There I stood, 13 and terrified. At Beth Torah Congregation in Toronto, on a bimah that my grandfather had literally helped build, I was chanting from a Torah scroll that his father had saved from their synagogue in eastern Poland and smuggled through the war – the same parchment from which my father, uncles and cousins had all read in turn.
The congregation’s eyes seemed to bore tiny holes into my skull as I read the most infamous words of my Torah portion, Acharei Mot: “Thou shalt not lie with mankind as with womankind: it is abomination.”
Bathed in family history and tradition, I thought I was about to drown. I may not have been the first gay shlemazel to have to swallow the words of Leviticus 18:22 during his bar mitzvah, but as the text passed my lips, I still felt completely alone.
The following year, as I was beginning to come out to my family and friends, the Supreme Court of Canada told an evangelical Christian university that it was free to exclude gays from its teacher education program. More than a decade later, the same university, Trinity Western, is invoking that ruling – and my bar mitzvah portion – as it claims the right to open an anti-gay law school.
They’re wrong, and anyone who truly cares about religious freedom should say so.
It’s far from clear that the Supreme Court’s 2001 decision – written, as it was, at a different time and on different facts – still empowers Trinity Western to discriminate against gays and lesbians. Yet, even if it does, the university’s anti-gay policy makes a mockery of freedom of religion. It’s one thing for people of faith to believe that gays are doomed to eternal hellfire, but it’s quite another to exclude them from a law school on that basis.
Read a Christian Bible cover to cover. It doesn’t end well for the Jews, either. Still, those of us who don’t accept Jesus Christ as lord and savior are welcome at Trinity Western University – provided that we don’t sleep with anyone of the same sex while we’re there.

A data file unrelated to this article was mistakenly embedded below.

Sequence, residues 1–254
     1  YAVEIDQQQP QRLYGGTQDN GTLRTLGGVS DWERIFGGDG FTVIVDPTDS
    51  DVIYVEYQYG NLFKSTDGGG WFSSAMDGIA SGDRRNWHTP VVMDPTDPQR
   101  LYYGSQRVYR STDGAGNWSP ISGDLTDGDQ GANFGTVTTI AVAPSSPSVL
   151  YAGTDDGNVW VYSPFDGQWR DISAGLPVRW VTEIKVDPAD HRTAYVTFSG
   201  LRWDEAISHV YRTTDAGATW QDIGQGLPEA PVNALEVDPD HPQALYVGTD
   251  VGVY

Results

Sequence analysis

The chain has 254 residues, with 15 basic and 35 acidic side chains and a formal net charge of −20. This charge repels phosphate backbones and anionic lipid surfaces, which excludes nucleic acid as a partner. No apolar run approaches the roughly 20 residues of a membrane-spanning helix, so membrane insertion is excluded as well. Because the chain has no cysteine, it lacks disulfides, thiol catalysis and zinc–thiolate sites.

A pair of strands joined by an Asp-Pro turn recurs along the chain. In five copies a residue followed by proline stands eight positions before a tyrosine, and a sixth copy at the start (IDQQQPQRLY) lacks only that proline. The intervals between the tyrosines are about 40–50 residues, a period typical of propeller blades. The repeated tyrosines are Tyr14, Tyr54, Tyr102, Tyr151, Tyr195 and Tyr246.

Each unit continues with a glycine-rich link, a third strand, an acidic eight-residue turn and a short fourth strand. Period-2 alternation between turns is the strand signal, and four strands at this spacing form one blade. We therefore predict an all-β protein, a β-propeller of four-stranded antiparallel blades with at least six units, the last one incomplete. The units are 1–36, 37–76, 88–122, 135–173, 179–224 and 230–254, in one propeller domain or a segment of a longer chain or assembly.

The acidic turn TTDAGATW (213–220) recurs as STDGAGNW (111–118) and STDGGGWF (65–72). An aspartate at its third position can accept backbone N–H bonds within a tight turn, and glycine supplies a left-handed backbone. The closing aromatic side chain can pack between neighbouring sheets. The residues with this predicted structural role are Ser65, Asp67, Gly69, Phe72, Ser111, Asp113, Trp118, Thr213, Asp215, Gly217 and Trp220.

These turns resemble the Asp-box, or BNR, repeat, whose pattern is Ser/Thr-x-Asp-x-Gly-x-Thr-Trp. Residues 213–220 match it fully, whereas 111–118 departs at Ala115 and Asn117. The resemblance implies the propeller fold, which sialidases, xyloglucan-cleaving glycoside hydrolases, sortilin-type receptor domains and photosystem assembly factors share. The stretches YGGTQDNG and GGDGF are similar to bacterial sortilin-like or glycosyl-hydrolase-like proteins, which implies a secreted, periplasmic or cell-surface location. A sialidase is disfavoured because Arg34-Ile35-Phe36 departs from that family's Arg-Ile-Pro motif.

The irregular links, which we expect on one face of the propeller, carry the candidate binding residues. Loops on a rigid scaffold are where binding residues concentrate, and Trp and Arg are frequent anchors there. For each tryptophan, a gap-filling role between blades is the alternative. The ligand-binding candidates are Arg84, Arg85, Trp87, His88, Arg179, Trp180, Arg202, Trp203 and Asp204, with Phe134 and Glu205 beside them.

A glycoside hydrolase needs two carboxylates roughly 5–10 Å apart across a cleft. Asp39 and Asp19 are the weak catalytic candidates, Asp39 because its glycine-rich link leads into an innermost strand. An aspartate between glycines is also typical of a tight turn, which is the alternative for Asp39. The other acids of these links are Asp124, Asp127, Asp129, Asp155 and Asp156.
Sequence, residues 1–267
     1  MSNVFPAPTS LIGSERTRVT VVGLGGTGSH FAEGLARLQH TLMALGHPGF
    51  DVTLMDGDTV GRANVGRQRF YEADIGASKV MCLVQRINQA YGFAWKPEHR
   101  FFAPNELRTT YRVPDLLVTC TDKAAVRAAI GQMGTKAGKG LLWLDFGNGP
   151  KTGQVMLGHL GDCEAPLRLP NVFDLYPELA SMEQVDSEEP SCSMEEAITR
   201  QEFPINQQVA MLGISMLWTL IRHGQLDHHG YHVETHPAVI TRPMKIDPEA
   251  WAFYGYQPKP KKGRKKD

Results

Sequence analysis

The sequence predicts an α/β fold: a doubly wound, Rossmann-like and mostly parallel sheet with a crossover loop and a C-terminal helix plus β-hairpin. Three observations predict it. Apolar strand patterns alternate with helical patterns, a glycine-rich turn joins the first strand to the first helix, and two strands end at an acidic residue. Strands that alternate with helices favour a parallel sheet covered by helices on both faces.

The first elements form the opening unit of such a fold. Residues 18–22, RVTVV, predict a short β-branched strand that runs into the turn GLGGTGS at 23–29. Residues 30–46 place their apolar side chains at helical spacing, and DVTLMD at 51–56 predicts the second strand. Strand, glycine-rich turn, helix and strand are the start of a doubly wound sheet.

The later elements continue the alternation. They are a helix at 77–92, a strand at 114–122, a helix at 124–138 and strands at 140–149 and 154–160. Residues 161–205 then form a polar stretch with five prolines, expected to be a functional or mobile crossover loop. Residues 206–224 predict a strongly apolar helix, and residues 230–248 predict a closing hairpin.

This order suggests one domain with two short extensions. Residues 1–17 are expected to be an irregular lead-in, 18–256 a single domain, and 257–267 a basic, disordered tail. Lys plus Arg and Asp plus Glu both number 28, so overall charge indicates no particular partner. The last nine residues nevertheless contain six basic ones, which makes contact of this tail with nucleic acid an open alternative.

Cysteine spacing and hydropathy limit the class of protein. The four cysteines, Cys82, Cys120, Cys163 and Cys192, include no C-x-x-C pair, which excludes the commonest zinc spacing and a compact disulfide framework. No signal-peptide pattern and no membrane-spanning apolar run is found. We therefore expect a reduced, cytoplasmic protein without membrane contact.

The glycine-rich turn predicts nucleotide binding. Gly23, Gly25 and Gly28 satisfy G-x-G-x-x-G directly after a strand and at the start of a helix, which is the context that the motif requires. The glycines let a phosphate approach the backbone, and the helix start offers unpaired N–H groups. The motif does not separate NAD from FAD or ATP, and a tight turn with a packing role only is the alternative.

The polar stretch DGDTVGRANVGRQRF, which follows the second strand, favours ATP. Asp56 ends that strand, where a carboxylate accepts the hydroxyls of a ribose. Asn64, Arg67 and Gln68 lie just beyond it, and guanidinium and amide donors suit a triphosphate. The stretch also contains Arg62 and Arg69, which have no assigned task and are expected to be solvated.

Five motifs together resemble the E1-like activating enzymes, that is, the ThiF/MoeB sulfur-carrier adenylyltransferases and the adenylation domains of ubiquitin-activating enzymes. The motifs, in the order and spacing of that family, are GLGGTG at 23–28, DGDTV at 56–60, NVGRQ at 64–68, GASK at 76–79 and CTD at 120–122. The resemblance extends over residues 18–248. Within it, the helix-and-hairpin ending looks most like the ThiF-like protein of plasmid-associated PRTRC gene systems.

If allowing Jewish students to practise Judaism isn’t a threat to Trinity Western’s religious freedom, what’s so different about allowing gay students to be gay? After all, according to evangelical Christians, we’re all going to end up shvitzing in the same place.
Imagine if the university required Jewish students to promise to abstain from Judaism. If that isn’t discrimination, neither was the Spanish Inquisition.
Can Christian scripture provide a basis for homophobia? Of course it can. Look no further than Leviticus 18:22. But the same set of texts might just as readily forgive racism, slavery or antisemitism. Why doesn’t Trinity Western discriminate against Jews or blacks the way it discriminates against gays? Because only fanatics would ever accept religious excuses for the former, and nothing does more to discredit religious freedom than using it to justify bigotry.
Anti-gay discrimination should be no exception. Those of us who depend on freedom of religion to protect our own beliefs should be the first to condemn its misuse. That doesn’t mean asking Christians (or Jews, or Muslims) to ignore scripture that prohibits homosexuality – though many do, and more should – but it does require us never to condone its use as a basis for odious discrimination. After centuries of blood libel, Jews are only too familiar with intolerance preached from the pulpit.
Those words that darkened my bar mitzvah portion – “v’et zachar lo tishkav mishk’vei ishah to’evah hu” – are chanted in synagogues around the world each year. After more than a decade, they still sting.
We can’t rewrite Leviticus, nor can we force the faithful to overlook passages that give us pause. But that doesn’t mean we can’t distinguish religious belief from religious pretext. If freedom of religion can justify almost anything, then it will be good for almost nothing. It’s up to those of us who need it to defend it from itself.
Adam Goldenberg is a Kirby Simon Human Rights Fellow at Yale Law School, a former Liberal speechwriter and a contributor to CBC News: The National. Follow him at twitter.com/adamgoldenberg. This article originally appeared in the Canadian Jewish News and is reprinted with permission. For more national Jewish news, visit cjnews.com.